Russian antivirus firm Kaspersky Lab has been in the news a lot lately, and not in a good way. The U.S. Congress may ban Kaspersky products from the Pentagon. The federal bureaucracy has removed Kaspersky Lab from its list of approved vendors. And FBI agents have interviewed some of Kaspersky's U.S. employees at their homes.
Eugene Kaspersky in Tokyo with his company's Japanese mascot. Credit: Eugene Kaspersky
All this has happened mainly because Kaspersky Lab and its CEO and co-founder, Eugene Kaspersky, are perceived as being close to the Kremlin. Reports in major Western news outlets have alleged strong ties between Kaspersky Lab and the Russian security services, though there's not much of a smoking gun.
Eugene Kaspersky has fired back, insisting that his company is free from government interference. He's even offered to show the U.S. government the source code of his company's products. So far, the pushback isn't working.
I don't know how close Kaspersky Labs is to the Kremlin. I've met Eugene Kaspersky a few times, and I think he talks too much to make a good spy. But I do know one thing for sure: Kaspersky antivirus software is excellent, and unless you're running a nuclear power plant, designing a jet fighter or operating the New York Stock Exchange, it should be safe to use.
Let me state right off the bat that I am not a Russian apologist. The evidence is overwhelming that the Russian government influenced the 2016 U.S. presidential election through propaganda and selective disclosure of stolen information. Cybersecurity experts were aware of Russian electoral machinations in March of 2016, before the GOP primary process was even finished.
But there's no evidence Kaspersky Lab had anything to do with that. What is clear is that Kaspersky has a terrific team of researchers looking into malware and cyberespionage, and they freely and actively share what they discover.
The company has not one, but three cybersecurity blogs that I read every day: the general Kaspersky blog, the technical but informative Securelist blog and the excellent but less technical Threatpost news site.
Yes, Kaspersky has uncovered cyberespionage campaigns conducted by U.S. intelligence agencies, most notably the Flame spyware platform. (Contrary to widespread belief, Kaspersky did not discover the Israeli-NSA Stuxnet worm.) But Kaspersky has also uncovered Russian cyberespionage efforts, such as the Red October campaign.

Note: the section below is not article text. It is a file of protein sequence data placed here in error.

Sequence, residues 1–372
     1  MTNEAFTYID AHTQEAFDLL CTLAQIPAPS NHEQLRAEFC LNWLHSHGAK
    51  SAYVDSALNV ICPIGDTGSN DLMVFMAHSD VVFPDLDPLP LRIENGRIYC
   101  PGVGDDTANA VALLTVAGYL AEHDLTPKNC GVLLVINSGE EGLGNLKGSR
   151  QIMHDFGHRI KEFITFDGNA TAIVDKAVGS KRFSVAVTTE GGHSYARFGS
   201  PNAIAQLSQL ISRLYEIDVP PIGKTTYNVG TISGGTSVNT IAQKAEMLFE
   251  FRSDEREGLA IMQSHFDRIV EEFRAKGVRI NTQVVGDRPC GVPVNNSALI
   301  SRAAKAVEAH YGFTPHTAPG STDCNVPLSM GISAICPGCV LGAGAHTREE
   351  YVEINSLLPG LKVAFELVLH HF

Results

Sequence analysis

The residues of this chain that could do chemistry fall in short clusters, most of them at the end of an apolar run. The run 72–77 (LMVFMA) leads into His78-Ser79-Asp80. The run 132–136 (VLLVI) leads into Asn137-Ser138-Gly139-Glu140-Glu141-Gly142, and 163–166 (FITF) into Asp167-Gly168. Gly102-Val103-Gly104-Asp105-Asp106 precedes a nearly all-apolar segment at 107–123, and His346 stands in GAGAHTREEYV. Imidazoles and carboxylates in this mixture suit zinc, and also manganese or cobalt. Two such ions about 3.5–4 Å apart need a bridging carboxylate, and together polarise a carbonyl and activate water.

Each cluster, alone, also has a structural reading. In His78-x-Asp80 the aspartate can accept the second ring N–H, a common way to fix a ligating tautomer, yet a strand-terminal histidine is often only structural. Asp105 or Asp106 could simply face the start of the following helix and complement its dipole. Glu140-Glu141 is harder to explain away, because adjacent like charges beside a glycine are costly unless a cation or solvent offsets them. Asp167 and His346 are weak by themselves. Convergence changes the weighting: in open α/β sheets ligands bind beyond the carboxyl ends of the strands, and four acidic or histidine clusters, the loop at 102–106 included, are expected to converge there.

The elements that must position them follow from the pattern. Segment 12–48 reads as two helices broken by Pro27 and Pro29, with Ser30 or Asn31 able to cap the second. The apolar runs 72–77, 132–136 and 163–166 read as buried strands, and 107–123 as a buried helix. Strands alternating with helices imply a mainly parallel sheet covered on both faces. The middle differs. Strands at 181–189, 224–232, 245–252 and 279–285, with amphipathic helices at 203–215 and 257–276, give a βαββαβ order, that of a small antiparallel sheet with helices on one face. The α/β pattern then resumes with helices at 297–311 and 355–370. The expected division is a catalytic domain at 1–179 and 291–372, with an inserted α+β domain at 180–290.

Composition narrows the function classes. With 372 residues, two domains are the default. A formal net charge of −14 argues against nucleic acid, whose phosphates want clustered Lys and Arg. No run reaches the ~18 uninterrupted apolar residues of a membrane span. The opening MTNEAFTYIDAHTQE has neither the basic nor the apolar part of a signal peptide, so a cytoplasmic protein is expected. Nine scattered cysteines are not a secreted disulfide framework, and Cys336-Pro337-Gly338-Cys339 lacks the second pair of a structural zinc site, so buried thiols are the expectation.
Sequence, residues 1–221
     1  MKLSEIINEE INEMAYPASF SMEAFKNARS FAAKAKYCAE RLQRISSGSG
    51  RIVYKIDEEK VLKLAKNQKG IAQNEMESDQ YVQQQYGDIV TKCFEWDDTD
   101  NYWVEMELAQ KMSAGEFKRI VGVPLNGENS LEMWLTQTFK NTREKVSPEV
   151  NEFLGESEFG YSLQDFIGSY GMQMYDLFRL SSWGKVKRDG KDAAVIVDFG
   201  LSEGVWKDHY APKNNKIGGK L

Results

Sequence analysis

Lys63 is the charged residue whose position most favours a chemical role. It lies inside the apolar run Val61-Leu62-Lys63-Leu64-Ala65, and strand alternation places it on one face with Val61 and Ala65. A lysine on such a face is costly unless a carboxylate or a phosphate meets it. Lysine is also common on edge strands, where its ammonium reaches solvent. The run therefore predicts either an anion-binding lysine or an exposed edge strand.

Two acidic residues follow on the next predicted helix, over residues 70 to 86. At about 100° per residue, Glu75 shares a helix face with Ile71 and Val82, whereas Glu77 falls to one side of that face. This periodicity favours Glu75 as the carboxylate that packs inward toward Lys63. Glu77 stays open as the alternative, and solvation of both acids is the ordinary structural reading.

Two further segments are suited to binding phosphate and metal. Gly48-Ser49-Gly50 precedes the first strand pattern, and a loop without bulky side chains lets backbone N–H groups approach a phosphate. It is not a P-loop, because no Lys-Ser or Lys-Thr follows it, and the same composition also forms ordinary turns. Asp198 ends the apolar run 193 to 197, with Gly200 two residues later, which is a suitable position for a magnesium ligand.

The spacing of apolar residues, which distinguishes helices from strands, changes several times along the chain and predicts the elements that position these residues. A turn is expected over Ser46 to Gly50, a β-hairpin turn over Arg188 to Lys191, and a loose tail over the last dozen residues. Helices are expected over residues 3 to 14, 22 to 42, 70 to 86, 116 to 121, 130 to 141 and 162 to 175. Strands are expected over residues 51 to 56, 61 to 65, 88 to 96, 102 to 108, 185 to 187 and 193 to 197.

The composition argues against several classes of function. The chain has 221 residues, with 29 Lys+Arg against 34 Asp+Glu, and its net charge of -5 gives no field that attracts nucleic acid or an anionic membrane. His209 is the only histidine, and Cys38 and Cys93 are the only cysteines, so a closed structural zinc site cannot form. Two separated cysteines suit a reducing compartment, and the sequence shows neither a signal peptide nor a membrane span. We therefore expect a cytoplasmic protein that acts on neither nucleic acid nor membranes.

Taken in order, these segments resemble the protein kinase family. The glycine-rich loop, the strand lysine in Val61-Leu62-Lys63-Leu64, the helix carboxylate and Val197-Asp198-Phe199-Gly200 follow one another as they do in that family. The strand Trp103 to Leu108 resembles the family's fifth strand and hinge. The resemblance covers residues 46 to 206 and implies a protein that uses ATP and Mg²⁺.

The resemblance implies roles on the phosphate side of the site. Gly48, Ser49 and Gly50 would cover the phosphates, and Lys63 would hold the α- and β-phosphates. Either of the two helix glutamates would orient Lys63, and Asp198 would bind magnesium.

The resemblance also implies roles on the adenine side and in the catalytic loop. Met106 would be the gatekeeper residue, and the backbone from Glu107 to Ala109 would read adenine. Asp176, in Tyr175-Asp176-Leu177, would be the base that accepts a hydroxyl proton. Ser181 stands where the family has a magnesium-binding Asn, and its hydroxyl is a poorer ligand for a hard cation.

More recently, Kaspersky Lab did some of the most important work in analyzing the Petya/ExPetr ransomware worm that hit Europe in late June. Kaspersky was the first major cybersecurity company to state that this worm was actually a cyberweapon disguised as ransomware — and the evidence pointed to Petya being part of a Russian attack against Ukraine. (Kaspersky Lab has a policy of not explicitly attributing state-sponsored malware campaigns to any particular state, but it's usually not hard to read between the lines.)
Nevertheless, it's true that Kaspersky Lab couldn't have become such a successful Russian company, and Eugene Kaspersky a billionaire, without approval, both official and unofficial, from the Russian government, which likes to hold the reins on rich businesspeople. It's also true that Eugene Kaspersky was trained by the KGB's signals-intelligence division during the last years of the Cold War. Years ago, the company even touted that fact on the packaging of Kaspersky products.
The company admits that it works with the FSB, Russia's domestic-intelligence agency, when called upon. Kaspersky Lab got the government contract to secure the communications and computer systems at the 2014 Winter Olympics in Sochi, Russia. News reports have alleged that former Russian military and intelligence officials have been placed in sensitive jobs within the company. In January 2017, Russian authorities arrested a Kaspersky manager along with two active FSB officers. All were charged with treason.
But that doesn't make Kaspersky Lab an arm of the Kremlin, any more than top American information-security firms are arms of the U.S. government. (Many top American cybersecurity analysts have worked for the NSA, and there are rumors that the U.S. government places people high up in American telecommunications companies.) And Kaspersky itself insists that it can't favor one government over another, lest it lose customers worldwide.
Unfortunately, the company may lose customers anyway. Much as Edward Snowden's revelations caused many people around the world to lose faith in U.S. software products, justifiably or not, so too the Russian election-hacking campaign may cause Americans to suspect Russian software — and Kaspersky is by far the biggest and best-known Russian software company.
So is Kaspersky software safe to use? It's probably not a good idea for any U.S. defense contractor, federal agency or critical-infrastructure operator to use antivirus software from a potential adversary country. That includes not only Russian companies like Kaspersky and Dr.Web, but also Chinese ones such as Qihoo 360.
But private citizens need not worry that Kaspersky software will open up their computers to Russian hackers. If that were the case, it would have been found out already. What customers need to know is that Kaspersky antivirus software is really good — and will do a great job keeping out real threats instead of merely speculative ones.